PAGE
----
From fangirls with camera phones to legitimate artists on the roster who didn’t need to buy their own gallons of paint, the in-betweens of flying in a for a week to add some Pow! to all the Wow!, throwing up the deuces to classes in the process, to sleeping in parking garages with paint-coated hair for pillows, Melody and Emma have thrived. Since our first meeting on a cold, spring morning in Manhattan a year ago, as we huddled around a small table in the Housing Works Bookstore on Crosby Street, the girls have rode the “roller coaster” that is New York and weathered its extremes. The transition from high-school senior in Hawaii to freshmen at art schools in New York demanded that they grew up and grew up fast. The city served as a pressure cooker turning passion into grades and the lugging of paintings across 2nd Avenue while fending off cat-calls into character building exercises. Though Melody mentioned the very real reality that is crying for no reason with no explainable onset and Emma dropped out of her art-history class, they have adapted to life there well enough to consider it “home”. A newfangled sense of direction has been established as they orient themselves in a universe where New Yorkers create their own compass; the Empire State Building could be my North store, your local bodega could point West, the guy on the E-Line you see every morning could understand East to equate with Barclays Center and the Brooklyn Bridge could be your professor’s South.   Ironically, Melody and Emma’s understanding and placement in this universe wouldn’t be possible without Hawaii — its unmistakable culture and who it made them. “Hawaii is never going to leave me, I definitely wanna go back when iIm older just because it’s such a great place but I need New York for my very ambitious side and my artistic side to grow,” said Melody, “I mean I’ll go back and forth. Probably when I’m 60 and burnt out I’ll go back and have a farm and cows or something.”

    Much of their transition from Subway-noob to New Yorker coincided with adding a hint of that salty enough, Hawaii, home-town feeling to every cup of estrangement. As roommates, Melody and Emma have given each other a home, in the form of blankets to share, someone to ask what the wifi password is and ultimately a friend to walk home with at 4 AM, post-pizza. Amusingly enough, upon leaving Hawaii, Emma commented that “since I’ve gotten here, I’ve pretty much only hung out with Hawaii people. This year’s [Sophomore year] been a lot better than the last one because when you start to meet people and create a base of comfort for yourself, you can fall back on that even if it’s the worst fucking day.” Melody echoed, “growing up and knowing the culture is pretty important in understanding someone.”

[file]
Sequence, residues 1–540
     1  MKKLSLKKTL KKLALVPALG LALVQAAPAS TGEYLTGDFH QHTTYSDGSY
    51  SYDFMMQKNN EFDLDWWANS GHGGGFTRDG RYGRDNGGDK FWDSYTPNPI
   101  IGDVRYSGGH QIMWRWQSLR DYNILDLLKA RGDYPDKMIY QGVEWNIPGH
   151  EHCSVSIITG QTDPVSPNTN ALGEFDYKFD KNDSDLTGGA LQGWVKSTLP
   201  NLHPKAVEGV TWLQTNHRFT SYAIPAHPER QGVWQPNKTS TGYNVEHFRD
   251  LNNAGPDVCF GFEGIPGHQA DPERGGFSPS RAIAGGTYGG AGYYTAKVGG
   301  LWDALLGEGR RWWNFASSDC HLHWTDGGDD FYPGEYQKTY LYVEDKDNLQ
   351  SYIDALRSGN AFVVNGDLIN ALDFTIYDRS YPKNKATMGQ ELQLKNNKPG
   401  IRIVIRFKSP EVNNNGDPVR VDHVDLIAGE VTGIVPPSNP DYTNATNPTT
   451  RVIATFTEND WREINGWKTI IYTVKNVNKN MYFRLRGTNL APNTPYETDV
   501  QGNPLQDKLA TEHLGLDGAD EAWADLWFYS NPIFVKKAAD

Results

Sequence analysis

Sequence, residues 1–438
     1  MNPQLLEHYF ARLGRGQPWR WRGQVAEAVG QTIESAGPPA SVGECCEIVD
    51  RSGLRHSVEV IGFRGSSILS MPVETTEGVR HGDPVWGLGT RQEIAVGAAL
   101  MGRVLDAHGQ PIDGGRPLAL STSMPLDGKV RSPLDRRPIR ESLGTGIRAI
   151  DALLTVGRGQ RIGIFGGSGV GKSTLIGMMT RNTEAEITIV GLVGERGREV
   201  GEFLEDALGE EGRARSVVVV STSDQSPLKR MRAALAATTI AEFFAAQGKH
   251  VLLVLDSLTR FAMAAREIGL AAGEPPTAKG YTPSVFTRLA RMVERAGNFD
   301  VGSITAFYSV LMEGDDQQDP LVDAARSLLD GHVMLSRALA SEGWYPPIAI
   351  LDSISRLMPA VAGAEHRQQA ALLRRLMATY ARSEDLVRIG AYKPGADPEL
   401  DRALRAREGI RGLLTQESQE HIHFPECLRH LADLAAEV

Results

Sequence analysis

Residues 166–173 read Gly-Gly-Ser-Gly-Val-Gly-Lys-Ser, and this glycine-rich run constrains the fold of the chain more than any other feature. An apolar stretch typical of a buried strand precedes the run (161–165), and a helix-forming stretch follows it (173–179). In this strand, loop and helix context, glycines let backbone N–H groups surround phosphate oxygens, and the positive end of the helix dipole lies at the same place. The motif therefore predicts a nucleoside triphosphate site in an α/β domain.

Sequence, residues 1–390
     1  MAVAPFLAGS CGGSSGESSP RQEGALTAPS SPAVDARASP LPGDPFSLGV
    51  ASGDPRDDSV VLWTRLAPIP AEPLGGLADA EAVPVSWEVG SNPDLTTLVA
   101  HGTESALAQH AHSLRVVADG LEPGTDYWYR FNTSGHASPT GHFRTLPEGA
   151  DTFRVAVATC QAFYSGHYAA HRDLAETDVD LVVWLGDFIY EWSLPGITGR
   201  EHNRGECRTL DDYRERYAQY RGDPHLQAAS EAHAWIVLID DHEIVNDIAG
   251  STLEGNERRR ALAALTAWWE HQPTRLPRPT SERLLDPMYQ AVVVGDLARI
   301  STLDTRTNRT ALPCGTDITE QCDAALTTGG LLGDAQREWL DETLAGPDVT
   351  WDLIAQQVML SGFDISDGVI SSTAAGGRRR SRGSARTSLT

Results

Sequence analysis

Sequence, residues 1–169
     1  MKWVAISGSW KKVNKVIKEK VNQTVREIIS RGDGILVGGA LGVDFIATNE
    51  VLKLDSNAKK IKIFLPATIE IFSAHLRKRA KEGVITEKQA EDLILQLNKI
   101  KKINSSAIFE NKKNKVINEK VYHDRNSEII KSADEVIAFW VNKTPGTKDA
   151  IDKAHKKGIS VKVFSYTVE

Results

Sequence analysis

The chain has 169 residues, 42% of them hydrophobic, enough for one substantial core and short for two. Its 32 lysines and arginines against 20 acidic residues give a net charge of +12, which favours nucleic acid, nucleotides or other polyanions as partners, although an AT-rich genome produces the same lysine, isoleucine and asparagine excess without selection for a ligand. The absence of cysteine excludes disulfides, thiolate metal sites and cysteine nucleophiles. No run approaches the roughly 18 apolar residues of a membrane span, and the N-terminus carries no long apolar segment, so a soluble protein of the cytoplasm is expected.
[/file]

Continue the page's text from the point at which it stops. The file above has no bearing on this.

New York has opened up in front of them just as art has become not just a labor of love, but a mirror for spiritual growth.  “Just being in New York and being able to go to all these exhibits — to constantly be surrounded by new ideas, there’s just so much to do, so much to look at and so much to experience that, from that, I think our idea of what art is, or what it means to paint a wall, or what a mural even means in terms of what we want to do with our art it’s just like yeah… a lot of exposure; and that’s changed how we think about art in general,” said Melody. Following that, Emma said ,“before I was like art’s dope because it’s like nice to look at… But now it’s more like actually being aware of what you’re doing and thinking about the way you want to communicate with people and how they’re going to receive that information— so I think right now for me, art is communication.” With that said, the girls who went to paint at Pow!Wow! this year, were very different than the wide-eyed mural virgins who attended last year. The girls this year were now vetted New Yorkers, who would have a visibly different conversation with their home than they ever had before.